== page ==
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Straight & even: Crowheart saddle maker strives for quality in every piece

by Wyoming Livestock Roundup

Crowheart – “I used to start colts when it was 10 below zero, standing outside on frozen ground,” remembers Steve Mecum. “If your feet are frozen long enough, you start thinking it would be nice to do something inside in the winter. That was the catalyst to me beginning to learn how to build saddles.”
    Mecum and his wife Kathy worked for the CM Ranch in Dubois for 15 years and have been cowboying for the Diamond D Cattle Company intermittently for the past 20. Mecum became interested in saddle making through his desire to ride good saddles, and looking at many of them through the lens of how he could improve them.
    “Whenever I purchased a saddle of my own, I could only think about how it should be different,” Mecum says. “Once you start building saddles you find out how hard it is to make a perfect saddle. There are about 104 individual pieces of leather that go into each saddle, and there are about 10 things that can go wrong with each one of them. Every year something else happens that I’ve never messed up before.”
    When the Mecums moved away from the CM, Steve had enough clientele to begin making saddles full-time. He found it hard to stay indoors and concentrate on leatherwork in the summer, though.
    “I jumped at the chance to run the cow camps for the Diamond D,” Mecum says. “They were having trouble keeping people. As soon as they saw a wolf or a bear sitting on dead cow and they were supposed to run it off, they didn’t like it. But I guess I’ve been around enough bears that it doesn’t bother me, or I’m dumber.”
    Mecum has built as many as 30 saddles in a year, but with cowboying in the summer for the Diamond D he now makes about a dozen each winter. For 10 years, Mecum enjoyed a waiting list of over two years. The troubled economy has lowered it to a steady one and a half. Mecum mainly builds slick forks, as their popularity has grown, which he attributes to natural horsemanship clinicians.
    “Ray Hunt promoted quality horsemanship, and he was riding quality gear,” Mecum says. “Hunt traveled all over the world riding Dale Harwood saddles. Harwood has the highest quality saddles that I’ve ever seen, and they’re consistently smooth. People may think if they have a saddle like Ray Hunt, their horse will act better; too bad it doesn’t work that way.”
    Mecum’s prices start at $4,500 for a basic saddle with minimal stamping and carving. He customizes everything from the stamping/carving to the saddle horn size to the type of stirrups. Mecum built his first saddle with oversight from Bob Douglas of Sheridan, and it took him over three weeks. Now he does a roughout in a week, with much better quality.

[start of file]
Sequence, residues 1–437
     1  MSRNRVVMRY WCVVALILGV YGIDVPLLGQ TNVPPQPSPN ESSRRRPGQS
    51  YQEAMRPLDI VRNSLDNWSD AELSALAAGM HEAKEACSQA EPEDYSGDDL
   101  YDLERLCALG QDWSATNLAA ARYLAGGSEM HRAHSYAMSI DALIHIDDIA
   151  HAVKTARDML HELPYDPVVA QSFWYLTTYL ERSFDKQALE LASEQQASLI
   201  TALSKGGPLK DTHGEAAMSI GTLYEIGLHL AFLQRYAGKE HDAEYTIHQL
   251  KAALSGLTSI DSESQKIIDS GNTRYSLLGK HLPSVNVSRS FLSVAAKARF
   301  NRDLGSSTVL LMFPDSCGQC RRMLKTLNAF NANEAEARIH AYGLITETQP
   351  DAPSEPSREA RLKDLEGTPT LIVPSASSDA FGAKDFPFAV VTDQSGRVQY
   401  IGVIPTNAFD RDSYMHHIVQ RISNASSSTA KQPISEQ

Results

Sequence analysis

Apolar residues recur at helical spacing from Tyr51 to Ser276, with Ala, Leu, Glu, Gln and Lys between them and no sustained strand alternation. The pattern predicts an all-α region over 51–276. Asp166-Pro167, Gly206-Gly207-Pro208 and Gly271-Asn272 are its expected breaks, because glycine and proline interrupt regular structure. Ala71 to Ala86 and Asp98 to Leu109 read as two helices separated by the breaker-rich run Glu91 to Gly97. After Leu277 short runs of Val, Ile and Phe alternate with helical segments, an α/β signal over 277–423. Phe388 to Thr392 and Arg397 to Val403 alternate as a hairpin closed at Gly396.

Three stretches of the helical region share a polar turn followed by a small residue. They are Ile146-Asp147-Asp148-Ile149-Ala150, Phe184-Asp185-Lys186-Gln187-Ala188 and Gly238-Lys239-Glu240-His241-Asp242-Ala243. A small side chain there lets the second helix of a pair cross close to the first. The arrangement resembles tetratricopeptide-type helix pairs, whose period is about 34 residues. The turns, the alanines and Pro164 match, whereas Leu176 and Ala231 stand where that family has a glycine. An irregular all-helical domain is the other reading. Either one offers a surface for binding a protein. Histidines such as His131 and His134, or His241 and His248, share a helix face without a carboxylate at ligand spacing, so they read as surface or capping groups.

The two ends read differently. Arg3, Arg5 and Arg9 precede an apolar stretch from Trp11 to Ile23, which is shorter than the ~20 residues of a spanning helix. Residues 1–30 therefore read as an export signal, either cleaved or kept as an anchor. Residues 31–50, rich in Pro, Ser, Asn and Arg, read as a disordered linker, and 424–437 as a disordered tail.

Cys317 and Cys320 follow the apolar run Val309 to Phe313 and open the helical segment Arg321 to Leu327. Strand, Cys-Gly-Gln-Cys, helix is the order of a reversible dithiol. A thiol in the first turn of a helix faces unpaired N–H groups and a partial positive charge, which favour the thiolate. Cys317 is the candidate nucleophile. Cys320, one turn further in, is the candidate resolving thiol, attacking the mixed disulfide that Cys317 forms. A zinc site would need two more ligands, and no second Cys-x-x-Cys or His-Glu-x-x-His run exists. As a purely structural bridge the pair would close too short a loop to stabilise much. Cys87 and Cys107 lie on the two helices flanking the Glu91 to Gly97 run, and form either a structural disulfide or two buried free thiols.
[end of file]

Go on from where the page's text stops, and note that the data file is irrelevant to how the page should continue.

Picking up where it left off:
“I try to build a saddle absolutely as fast as I can build it without making a mistake,” Mecum explains. “I’ve had saddles in shows where there was a contest and I’ve had judges tell me that they couldn’t find a mistake. It is nice of them, but they just didn’t find it. It is hard to make a perfect saddle, but there is nothing wrong with trying.”
    For seven years Mecum was a member of the Traditional Cowboy Arts Association (TCAA). To join, a new member must be voted in by 75 percent of the membership and create two museum-quality pieces a year to exhibit at the National Cowboy and Western Heritage Museum in Oklahoma City, Okla.
    “It was an honor to be a part of it, but also extremely stressful, as you’re under a lot of deadlines and pressure,” Mecum explains. “I did a lot of artistic saddles for TCAA and enjoyed it, but the saddles were mainly for rich people to display in their collections, and I didn’t like that.
    “My base price is expensive, but it’s still within reason for many people for a good saddle. It is nice to see a museum-quality saddle sell for $30,000, but I find it more gratifying to see one ridden every day. Whether I’m in the TCAA or not, it doesn’t change how I do things. I make all my stitches straight and even, and the leather pieces fit tightly and line up exactly.”
    Some customers have specific designs, while others choose from his patterns and a few allow Mecum free reign with the design. Smaller flowers increase the cost of a saddle, as they take longer to carve, while a basket weave stamp shortens the process and thus the price.
    “I would like to make a saddle some day where every single open spot is carved,” Mecum says. “Everything from the gullet to the stirrup leathers, just to say I did it.”
    Melissa Hemken is a correspondent for the Wyoming Livestock Roundup from Lander. Send comments on this article to

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